NVDAILY.COM | Local News
Posted August 27, 2012 | 1 Comment
Warren County mourns commissioner's passing
By Alex Bridges -- firstname.lastname@example.org
A long-serving Warren County elected official died Friday, less than a year into his seventh term.
Commissioner of Revenue John H. Smedley Sr. died at Winchester Medical Center, according to a press release from County Administrator Douglas Stanley. Smedley, 64, won re-election to the term in November. He first started serving in the constitutional office in January 1988.
Board of Supervisors Chairman Archie A. Fox, a long-time friend, ordered all flags at county facilities to fly at half-staff until further notice in recognition of Smedley's contributions, according to the release.
"I've known John since childhood and so I always considered him a very good friend and he was a very good person and he was just an absolute great commissioner of revenue," Fox said by phone Monday.
Fox, as chairman for the past six years, noted that he and the board worked closely with Smedley. Fox said he didn't know if Smedley had any health issues before his death.
Smedley served as a member of the Virginia Association of Assessing Officers, the Commissioner of the Revenue Association of Virginia, the Virginia Association of Local Elected Constitutional Officers, the West Central Commissioner of Revenue Association, the Virginia Association of Local Tax Auditors, the Izaak Walton League and the Warren County Republican Committee. Smedley also was a past member of the Rotary Club of Front Royal and of the Front Royal-Warren County Jaycees, according to the release.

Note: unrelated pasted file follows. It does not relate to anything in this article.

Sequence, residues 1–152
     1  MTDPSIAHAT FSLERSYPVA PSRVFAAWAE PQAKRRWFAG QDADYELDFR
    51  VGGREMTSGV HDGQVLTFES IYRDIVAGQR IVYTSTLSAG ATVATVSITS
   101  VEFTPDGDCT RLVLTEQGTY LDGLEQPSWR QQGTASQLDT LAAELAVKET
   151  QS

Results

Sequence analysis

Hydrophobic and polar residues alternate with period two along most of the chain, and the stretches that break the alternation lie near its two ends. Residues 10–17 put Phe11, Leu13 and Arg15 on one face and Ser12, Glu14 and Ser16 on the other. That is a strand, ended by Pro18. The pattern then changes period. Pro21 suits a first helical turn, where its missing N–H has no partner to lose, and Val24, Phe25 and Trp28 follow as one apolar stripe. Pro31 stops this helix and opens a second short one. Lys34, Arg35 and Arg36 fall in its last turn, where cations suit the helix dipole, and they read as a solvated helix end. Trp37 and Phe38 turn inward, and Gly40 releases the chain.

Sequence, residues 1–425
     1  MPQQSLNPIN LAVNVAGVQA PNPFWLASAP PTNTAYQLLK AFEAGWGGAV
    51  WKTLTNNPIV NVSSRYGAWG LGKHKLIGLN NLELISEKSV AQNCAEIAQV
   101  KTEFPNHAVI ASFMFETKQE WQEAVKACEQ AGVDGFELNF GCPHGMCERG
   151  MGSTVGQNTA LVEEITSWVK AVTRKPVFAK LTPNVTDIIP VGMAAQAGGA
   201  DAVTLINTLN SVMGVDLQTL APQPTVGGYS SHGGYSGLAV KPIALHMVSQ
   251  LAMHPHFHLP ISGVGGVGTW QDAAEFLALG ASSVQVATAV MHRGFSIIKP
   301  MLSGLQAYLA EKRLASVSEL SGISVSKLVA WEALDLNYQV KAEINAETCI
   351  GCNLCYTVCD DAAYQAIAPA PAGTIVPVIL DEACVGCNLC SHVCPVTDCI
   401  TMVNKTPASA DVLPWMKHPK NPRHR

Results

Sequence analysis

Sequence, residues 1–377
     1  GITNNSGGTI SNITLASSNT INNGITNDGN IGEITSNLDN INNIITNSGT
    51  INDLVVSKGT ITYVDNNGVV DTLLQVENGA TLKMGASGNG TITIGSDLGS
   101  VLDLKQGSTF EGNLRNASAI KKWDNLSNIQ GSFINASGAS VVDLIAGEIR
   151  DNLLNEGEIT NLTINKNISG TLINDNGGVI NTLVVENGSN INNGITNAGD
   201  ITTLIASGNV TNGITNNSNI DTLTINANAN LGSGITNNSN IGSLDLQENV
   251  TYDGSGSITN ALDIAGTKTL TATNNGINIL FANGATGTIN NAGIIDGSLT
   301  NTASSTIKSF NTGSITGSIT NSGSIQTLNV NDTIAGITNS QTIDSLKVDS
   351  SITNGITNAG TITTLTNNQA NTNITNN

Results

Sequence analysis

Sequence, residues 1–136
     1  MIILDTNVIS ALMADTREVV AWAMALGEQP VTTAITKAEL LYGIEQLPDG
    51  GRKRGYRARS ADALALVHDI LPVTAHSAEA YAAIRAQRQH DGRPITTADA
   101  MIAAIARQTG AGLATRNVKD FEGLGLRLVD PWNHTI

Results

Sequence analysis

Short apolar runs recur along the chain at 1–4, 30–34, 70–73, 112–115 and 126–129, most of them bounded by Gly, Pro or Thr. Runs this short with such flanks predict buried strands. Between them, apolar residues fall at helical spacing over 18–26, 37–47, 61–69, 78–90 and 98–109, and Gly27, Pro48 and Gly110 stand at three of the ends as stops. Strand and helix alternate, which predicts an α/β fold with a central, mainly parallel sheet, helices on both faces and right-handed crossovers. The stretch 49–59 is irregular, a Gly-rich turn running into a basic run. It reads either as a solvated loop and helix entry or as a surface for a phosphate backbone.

The county now faces the task of filling the office at least temporarily. County Attorney Blair D. Mitchell explained that, under state law, should such a vacancy arise, the next highest ranking employee, in this case Sherry T. Sours, chief deputy of the office, would serve as commissioner in the interim until the county can hold a special election for the position "promptly." Mitchell noted the code does not define "promptly."
State code does state the county board of supervisors should, within 15 days of the vacancy occurring, petition the circuit court for entering an order scheduling a special election to fill the position, according to Mitchell. The attorney's office is preparing those documents for supervisors to address at their Sept. 4 meeting, Mitchell said. The process leaves the selection of the date of the election to the judge.